Geometric morphometrics: landmark digitization

Digitization of landmarks followed the procedures in Tibihika, Waidbacher [22]. Landmark acquisition was conducted using two thin-plate spline programs (Tps): TpsUtil (utility) and TpsDig (digitizer) [47, 48]. TpsUtil was used to build Tps files that were imported into TpsDig for digitizing, sequentially 15 homologous landmarks (Fig. 8) to subsequently generate two-dimensional x and y coordinates [22, 48, 49]. Landmark digitization was performed by one scientist to enhance consistency and error minimization. The anatomical description of each landmark is presented in Fig. 8.

Fig. 8
figure 8

Specimen wireframe illustrating the positions of 15 homologous landmarks: (1) anterior tip of the snout with mouth closed, (2) posterior end of the mouth, (3) Orbit/eye center, (4 & 5) anterior and posterior insertions of the dorsal fin, (6) the dorsal origin of the caudal fin, (7) mid-dorsal and ventral origin of the caudal fin, (8) the ventral origin of the caudal fin, (9) posterior insertion of the anal fin, (10) the anterior origin of the anal fin, (11) the anterior origin of the pelvic fin, (12) the posterior origin of the pectoral fin, (13) the anterior origin of the pectoral fin, (14) most posterior end of the operculum, and (15) juncture of the ventral edge of the operculum [22, 50]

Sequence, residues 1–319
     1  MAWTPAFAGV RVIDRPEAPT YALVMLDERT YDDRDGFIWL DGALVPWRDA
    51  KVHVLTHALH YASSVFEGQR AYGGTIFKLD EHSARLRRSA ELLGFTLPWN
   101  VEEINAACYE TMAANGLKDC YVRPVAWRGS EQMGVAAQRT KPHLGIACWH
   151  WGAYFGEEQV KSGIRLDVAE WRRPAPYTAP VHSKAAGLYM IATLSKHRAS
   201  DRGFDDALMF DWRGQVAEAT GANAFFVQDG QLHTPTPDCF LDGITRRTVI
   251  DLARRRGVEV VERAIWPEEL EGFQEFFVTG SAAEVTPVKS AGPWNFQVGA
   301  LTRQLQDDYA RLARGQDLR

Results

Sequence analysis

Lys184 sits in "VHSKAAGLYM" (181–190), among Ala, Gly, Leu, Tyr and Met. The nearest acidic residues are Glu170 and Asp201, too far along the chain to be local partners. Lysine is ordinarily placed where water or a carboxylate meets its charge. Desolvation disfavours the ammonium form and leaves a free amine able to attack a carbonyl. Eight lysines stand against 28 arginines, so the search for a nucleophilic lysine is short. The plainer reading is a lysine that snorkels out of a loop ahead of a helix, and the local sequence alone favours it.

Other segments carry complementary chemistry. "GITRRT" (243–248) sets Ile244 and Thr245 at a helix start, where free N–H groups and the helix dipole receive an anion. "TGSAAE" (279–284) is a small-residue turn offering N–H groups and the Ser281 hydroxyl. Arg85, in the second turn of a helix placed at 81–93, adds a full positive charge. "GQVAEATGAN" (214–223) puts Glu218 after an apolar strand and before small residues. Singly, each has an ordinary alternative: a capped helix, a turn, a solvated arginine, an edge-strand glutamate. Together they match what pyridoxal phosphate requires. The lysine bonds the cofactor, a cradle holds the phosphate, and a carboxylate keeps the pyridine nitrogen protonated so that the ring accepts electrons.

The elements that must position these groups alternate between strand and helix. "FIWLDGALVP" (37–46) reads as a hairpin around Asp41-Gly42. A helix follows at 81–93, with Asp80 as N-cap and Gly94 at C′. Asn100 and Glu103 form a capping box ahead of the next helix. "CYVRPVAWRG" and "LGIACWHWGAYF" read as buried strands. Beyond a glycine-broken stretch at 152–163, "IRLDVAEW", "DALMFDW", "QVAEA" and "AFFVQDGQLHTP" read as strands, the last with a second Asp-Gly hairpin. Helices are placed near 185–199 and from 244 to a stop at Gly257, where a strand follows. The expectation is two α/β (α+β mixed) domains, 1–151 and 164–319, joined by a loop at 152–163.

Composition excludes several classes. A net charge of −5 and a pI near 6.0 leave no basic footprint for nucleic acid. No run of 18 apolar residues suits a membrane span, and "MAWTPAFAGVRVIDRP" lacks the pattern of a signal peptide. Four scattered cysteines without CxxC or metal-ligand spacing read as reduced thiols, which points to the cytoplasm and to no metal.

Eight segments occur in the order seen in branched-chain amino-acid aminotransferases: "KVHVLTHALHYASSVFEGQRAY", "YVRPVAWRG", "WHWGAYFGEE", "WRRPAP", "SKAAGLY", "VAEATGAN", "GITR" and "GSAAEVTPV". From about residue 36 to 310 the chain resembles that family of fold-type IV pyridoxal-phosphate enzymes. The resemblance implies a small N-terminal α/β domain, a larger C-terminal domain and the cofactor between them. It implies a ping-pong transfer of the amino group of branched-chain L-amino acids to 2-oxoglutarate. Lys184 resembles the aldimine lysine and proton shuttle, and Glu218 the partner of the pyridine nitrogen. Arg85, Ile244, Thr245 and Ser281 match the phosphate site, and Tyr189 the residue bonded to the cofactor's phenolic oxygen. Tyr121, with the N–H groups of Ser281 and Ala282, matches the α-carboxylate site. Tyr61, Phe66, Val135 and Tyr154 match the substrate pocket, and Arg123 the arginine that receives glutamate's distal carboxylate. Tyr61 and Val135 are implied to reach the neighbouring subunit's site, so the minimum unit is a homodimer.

Statistical analysis

To test the effect of a given site/locality on the size (weight and length) and condition factor of Nile tilapia population variations, we used a One-Way ANOVA implemented in SPSS IBM version 21. Here, weight and length as well as the condition factor variables were taken as explanatory variables and population sites or locations as independents.